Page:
ON to teach navigation on schooner Virginia

There’s nothing like learning celestial navigation and seamanship at sea aboard a big schooner. That’s why Ocean Navigator is excited to announce a new joint effort with Schooner Virginia to provide celestial navigation and seamanship seminars on selected Schooner Virginia trips (that’s me sealing the deal with Virginia captain Hank Moseley). The first of these trips sails from Charleston to Bermuda, departing Wednesday, Nov. 11 and arriving in Bermuda Friday, Nov. 20. I will be aboard as the celestial navigation instructor. Sign up soon while there are still bunks available. Every graduate of the trip will get an Ocean Navigator School of Seamanship (ONSOS) diploma which qualifies them to navigate in the Marion-Bermuda Race.

This joint effort by Ocean Navigator and the Schooner Virginia revives a great tradition of ONSOS teaching voyages aboard schooners. In the past we’ve given seminars aboard the schooners Westward, Spirit of Massachusetts, Corwith Cramer, Californian and, of course, our own Ocean Star. Many of our readers sailed aboard Ocean Star and saw it regularly at the Annapolis Boat Show. The steel Ocean Star carried hundreds of navigation students on a wide variety of trips both coastwise and blue water. We had students from every part of the country and even from other parts of the world. I once taught celestial navigation on Ocean Star to three Japanese sailors who came aboard with an American friend who lived in Japan. He was able to translate the concepts of height of eye and Greenwich Hour Angle into Japanese. I could get a sense of their level of understanding from their eyes, nodding heads and emphatic declarations of “hai, hai!”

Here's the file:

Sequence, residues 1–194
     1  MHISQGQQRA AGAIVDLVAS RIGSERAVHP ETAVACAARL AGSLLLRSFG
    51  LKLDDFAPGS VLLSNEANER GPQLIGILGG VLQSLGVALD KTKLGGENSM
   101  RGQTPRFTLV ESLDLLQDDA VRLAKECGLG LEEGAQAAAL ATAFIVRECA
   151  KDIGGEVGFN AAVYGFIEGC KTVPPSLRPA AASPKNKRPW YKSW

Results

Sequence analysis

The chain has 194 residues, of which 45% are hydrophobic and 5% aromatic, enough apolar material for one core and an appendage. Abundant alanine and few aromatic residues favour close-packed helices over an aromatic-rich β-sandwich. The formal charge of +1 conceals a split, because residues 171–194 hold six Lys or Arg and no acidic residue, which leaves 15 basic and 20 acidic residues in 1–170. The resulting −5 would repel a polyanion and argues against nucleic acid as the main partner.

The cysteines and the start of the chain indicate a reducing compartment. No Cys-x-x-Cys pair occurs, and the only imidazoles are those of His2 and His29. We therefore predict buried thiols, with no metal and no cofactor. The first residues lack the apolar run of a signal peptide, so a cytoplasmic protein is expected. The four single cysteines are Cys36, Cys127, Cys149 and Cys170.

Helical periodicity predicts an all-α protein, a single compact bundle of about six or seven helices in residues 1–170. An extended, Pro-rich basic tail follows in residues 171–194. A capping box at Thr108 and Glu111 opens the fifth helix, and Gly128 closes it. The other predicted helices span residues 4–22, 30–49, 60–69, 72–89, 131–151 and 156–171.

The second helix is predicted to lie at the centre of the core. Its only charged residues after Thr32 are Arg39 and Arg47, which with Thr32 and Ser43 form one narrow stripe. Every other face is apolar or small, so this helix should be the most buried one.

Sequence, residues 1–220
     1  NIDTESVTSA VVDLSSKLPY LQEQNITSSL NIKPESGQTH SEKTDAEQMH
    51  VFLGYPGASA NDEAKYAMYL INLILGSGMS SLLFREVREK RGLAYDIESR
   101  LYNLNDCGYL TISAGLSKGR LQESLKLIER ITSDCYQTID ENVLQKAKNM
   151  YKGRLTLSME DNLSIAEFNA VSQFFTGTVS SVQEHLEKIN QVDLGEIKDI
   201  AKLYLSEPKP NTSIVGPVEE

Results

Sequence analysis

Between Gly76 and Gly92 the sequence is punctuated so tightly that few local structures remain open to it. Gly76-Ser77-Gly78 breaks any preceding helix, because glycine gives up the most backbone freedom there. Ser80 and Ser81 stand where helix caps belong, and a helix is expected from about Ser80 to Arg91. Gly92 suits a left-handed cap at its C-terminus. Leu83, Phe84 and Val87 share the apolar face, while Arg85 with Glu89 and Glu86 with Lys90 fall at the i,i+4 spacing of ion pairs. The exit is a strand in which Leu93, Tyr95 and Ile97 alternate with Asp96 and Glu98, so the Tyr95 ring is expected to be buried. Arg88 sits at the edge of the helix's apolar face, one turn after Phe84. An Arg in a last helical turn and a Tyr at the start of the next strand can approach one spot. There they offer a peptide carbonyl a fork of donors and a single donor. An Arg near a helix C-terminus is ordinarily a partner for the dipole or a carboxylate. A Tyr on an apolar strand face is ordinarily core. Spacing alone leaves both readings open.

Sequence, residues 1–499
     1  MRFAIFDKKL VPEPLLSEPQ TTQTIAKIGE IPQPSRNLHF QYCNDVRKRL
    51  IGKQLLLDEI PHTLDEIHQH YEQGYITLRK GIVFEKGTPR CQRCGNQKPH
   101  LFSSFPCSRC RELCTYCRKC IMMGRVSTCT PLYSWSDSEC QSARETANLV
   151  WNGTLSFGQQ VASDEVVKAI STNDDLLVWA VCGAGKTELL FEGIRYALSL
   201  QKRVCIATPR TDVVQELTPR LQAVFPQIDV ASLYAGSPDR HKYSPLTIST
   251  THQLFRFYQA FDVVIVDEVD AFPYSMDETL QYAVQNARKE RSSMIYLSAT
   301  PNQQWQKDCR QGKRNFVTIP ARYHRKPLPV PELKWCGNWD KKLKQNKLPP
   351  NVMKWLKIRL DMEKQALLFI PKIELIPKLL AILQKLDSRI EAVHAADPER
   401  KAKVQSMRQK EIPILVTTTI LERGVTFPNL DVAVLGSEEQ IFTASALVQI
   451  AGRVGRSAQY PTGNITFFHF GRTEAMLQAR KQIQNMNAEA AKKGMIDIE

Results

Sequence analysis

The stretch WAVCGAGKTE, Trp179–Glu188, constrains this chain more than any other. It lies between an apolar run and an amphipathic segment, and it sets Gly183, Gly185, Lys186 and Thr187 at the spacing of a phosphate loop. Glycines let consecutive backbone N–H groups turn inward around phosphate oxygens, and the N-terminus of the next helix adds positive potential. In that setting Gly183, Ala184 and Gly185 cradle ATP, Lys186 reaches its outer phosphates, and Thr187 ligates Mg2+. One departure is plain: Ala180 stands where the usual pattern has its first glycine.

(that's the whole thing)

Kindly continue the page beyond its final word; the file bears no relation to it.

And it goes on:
The connection to Ocean Star extends to one of the present captains of Virginia, Stefan Edick. Capt. Edick sailed aboard Ocean Star as a crewmember. In fact, he started on Ocean Star as cook. “I sailed in 1994 and 1995 in Ocean Star (as cook, a position I undertook mostly to gain access to the celestial training and the offshore opportunity). Virginia Wagner and Cameron Bright were the captains, and Virginia, especially, often doubled as the instructor. Did several trips to and from Bermuda, a passage to Grand Cayman, and a bunch of work out of Key West. Ocean Star is where I first learned celestial navigation, radar operation, and coast piloting. When I’m teaching, I draw upon that experience in virtually every lesson.”

The benefits of learning navigation on schooners like Ocean Star and Virginia are easy to grasp. Unlike the more abstract approach of learning in a classroom, instruction at sea is wonderfully hands on. Not only do you get the opportunity to shoot the sun, moon, planets and stars from a moving deck, you can also appreciate how celestial navigation compliments and augments dead reckoning, radar navigation and even electronic navigation. More than strictly navigation, students on board Schooner Virginia also have the opportunity to participate in the proper running of a vessel at sea. Observing the experienced captains and mates who operate Schooner Virginia is enormously helpful to voyagers in learning how to run their own vessels.

These unmatched benefits and more (did I mention how great it is to have a full-time cook aboard? Plan to gain a few pounds.) make at-sea navigation seminars a must both for beginning voyagers or those wanting to brush up their skills.

In addition to cooperating on schooner trips, Schooner Virginia captains and crew will also contribute to ON’s Running Fix blog, and provide valuable insight to both articles in the magazine and to the Ocean Navigator Web site on such subjects as navigation, seamanship, sail handling, electronics, electrical systems, engines, and more.

To sign up for this or another trip, go to the Schooner Virginia Web site: www.schoonervirginia.org or call (757) 627-7400.

Tim Queeney

Ocean Navigator editor

By Ocean Navigator